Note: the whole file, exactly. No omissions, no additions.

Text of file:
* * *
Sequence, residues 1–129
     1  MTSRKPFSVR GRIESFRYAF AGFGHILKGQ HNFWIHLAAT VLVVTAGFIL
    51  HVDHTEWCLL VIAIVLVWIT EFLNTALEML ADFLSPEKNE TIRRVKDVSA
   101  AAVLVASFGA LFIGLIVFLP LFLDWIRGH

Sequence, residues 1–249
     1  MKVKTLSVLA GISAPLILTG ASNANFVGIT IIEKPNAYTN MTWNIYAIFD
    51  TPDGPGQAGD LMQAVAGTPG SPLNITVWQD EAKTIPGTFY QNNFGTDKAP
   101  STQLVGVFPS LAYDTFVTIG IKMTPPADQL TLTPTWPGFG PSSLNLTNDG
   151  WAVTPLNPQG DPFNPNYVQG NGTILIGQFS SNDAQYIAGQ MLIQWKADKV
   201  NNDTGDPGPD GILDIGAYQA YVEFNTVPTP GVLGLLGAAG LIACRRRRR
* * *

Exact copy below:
Sequence, residues 1–129
     1  MTSRKPFSVR GRIESFRYAF AGFGHILKGQ HNFWIHLAAT VLVVTAGFIL
    51  HVDHTEWCLL VIAIVLVWIT EFLNTALEML ADFLSPEKNE TIRRVKDVSA
   101  AAVLVASFGA LFIGLIVFLP LFLDWIRGH

Sequence, residues 1–249
     1  MKVKTLSVLA GISAPLILTG ASNANFVGIT IIEKPNAYTN MTWNIYAIFD
    51  TPDGPGQAGD LMQAVAGTPG SPLNITVWQD EAKTIPGTFY QNNFGTDKAP
   101  STQLVGVFPS LAYDTFVTIG IKMTPPADQL TLTPTWPGFG PSSLNLTNDG
   151  WAVTPLNPQG DPFNPNYVQG NGTILIGQFS SNDAQYIAGQ MLIQWKADKV
   201  NNDTGDPGPD GILDIGAYQA YVEFNTVPTP GVLGLLGAAG LIACRRRRR